This object gives statistics on how an index has been used to resolve queries. Most importantly it tells you the number of times a query was used to find a single row (user_seeks), a range of values, or to resolve a non-unique query (user_scans ), if it has been used to resolve a bookmark lookup (user_lookups) and how many changes to the index (user_updates. Note that sys.dm_db_index_operational_stats will give the details of how it has been modified.)

It returns all indexes (including heaps and the clustered index) from the entire server for each index that has been used, though you will usually only want to use it for one database since you will have to look up the name of the index in sys.indexes. There will not be a row in sys.dm_db_index_usage_stats unless the index has been used since creation or since SQL Server has been restarted.

Type: view

Data: accumulating, refreshed when server is restarted or (perhaps obviously) when the index is dropped and recreated. Statistics live on when the index is rebuild, reorganized, and even when it is disabled and rebuilt.


  • database_id – primary key of the database
  • object_id – the object_id of the table the index belongs to
  • index_id – the primary key of the index
  • user_seeks – the number of times the index has been used in a user query in a seek operation (one specific row)
  • user_scans – the number of times the index has been used by scanning the leaf pages of the index for data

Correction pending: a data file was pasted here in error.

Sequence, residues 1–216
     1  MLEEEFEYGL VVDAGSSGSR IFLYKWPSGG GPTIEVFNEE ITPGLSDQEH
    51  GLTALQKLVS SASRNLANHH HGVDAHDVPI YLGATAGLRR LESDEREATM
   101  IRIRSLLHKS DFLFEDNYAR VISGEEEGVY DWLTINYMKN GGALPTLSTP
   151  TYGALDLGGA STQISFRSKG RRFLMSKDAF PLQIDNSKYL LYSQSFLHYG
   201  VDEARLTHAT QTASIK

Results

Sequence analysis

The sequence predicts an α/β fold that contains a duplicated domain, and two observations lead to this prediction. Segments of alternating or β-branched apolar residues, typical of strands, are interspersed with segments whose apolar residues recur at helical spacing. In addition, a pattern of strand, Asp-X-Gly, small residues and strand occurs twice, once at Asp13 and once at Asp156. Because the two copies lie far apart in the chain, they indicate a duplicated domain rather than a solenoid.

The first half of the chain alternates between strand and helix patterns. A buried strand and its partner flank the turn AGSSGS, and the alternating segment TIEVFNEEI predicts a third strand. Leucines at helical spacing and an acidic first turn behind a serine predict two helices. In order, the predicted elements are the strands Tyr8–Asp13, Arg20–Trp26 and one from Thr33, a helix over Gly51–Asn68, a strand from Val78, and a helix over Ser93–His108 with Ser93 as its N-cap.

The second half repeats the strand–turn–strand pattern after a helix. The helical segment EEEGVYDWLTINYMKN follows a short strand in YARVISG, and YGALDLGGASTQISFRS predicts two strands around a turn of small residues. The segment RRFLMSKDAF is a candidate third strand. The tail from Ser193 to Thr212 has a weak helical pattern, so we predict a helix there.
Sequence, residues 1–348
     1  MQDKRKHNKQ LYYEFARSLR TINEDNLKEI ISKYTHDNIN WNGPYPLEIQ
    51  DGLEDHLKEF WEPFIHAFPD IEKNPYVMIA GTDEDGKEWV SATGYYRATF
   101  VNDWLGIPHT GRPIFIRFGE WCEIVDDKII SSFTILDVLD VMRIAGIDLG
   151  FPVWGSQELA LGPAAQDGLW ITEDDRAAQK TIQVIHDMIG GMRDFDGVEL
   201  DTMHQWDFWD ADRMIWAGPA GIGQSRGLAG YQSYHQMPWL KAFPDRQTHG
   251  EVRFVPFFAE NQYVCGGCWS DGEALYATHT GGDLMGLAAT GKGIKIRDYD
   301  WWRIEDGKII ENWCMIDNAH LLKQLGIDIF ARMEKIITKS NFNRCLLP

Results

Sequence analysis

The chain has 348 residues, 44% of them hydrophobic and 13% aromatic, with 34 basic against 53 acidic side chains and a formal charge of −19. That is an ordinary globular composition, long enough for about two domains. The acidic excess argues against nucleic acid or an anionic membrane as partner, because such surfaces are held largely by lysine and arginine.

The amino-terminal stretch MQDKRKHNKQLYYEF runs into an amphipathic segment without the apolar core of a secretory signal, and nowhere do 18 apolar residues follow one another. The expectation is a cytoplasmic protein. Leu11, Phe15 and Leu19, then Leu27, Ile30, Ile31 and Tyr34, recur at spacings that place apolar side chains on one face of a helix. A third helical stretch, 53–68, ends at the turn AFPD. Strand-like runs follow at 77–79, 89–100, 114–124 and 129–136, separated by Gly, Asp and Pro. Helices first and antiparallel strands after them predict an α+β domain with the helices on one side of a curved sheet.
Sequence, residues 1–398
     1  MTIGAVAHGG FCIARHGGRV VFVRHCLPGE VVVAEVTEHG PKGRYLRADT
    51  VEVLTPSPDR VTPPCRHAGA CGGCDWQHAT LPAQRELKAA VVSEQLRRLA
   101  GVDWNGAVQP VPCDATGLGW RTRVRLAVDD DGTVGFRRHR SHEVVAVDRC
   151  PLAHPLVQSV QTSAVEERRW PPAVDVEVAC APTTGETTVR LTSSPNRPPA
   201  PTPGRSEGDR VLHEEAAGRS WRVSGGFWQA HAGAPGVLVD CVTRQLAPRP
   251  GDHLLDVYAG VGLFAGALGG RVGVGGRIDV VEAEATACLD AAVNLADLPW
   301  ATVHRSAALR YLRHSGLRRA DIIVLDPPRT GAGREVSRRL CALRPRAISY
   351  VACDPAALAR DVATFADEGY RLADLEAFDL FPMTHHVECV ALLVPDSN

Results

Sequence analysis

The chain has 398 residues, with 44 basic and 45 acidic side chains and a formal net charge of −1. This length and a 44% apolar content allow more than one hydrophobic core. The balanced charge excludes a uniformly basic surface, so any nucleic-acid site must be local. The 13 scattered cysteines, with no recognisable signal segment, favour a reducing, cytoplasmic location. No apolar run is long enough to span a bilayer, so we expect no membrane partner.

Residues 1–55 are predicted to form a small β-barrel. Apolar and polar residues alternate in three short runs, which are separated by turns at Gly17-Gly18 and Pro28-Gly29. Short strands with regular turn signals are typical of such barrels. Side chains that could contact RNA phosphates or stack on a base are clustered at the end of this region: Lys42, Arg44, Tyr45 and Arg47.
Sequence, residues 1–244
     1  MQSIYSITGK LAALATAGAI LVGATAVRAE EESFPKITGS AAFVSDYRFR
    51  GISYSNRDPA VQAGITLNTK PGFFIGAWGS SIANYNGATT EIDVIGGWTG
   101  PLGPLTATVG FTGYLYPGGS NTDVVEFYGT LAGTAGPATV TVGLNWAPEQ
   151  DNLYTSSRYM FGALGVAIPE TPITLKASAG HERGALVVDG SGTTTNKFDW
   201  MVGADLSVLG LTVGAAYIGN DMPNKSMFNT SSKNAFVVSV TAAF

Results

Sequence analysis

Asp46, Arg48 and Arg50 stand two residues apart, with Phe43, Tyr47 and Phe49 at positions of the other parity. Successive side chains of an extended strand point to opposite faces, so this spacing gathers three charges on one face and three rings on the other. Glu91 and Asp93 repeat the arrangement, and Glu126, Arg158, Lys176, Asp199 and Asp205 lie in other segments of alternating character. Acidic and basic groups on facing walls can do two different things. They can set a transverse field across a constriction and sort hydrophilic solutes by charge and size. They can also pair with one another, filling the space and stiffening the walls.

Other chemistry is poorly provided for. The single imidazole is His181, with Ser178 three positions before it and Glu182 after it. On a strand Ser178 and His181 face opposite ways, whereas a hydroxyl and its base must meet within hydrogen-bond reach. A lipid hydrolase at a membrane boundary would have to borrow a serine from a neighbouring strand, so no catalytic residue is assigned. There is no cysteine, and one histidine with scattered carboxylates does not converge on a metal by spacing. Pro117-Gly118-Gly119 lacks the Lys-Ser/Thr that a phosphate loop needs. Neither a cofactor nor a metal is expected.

• user_lookups – for clustered indexes only, this is the number of times the index has been used in a “bookmark lookup” to fetch the full row. This is because non-clustered indexes use the clustered indexes key as the pointer to the base row.
  • user_updates – The number of times the index has been modified due to a change in the table’s data.
  • last_user_seek – The date and time of the last user seek operation
  • last_user_scan – The date and time of the last user scan operation
  • last_user_lookup – The date and time of the last user lookup operation
  • last_user_update – The date and time of the last user update operation
  • system_seeks, system_scans, system_lookups, system_updates, last_system_seek, last_system_scan, last_system_lookup, last_system_update – Same as the user query columns, but records when the index is used for a system operation, such as automatic statistics operations.

This is one of the most interesting views that I often use in performance tuning. It gives you something that no previous version of SQL Server did (at least in an easy to discover manner for the “average” dba, that I know of): The ability to tell when indexes are NOT being used. It is easy to see when an index is being used by a query by simply looking at the plan. But now, using this dynamic management view, you can see over time what indexes are used, not used, and probably more importantly, updated many many times and never being used.


Create table, do a few queries in tempdb.  Table and full code will be in final book.

–returns all indexes for a database and their stats.
–Rows with no usage since the last restart will be null

select object_schema_name(indexes.object_id) + ‘.’ + object_name(indexes.object_id) as objectName,, case when is_unique = 1 then ‘UNIQUE ‘ else ” end + indexes.type_desc,
         ddius.user_seeks, ddius.user_scans, ddius.user_lookups, ddius.user_updates
from sys.indexes
               left outer join sys.dm_db_index_usage_stats ddius
                        on indexes.object_id = ddius.object_id
                             and indexes.index_id = ddius.index_id
                             and ddius.database_id = db_id()
order by ddius.user_seeks + ddius.user_scans + ddius.user_lookups desc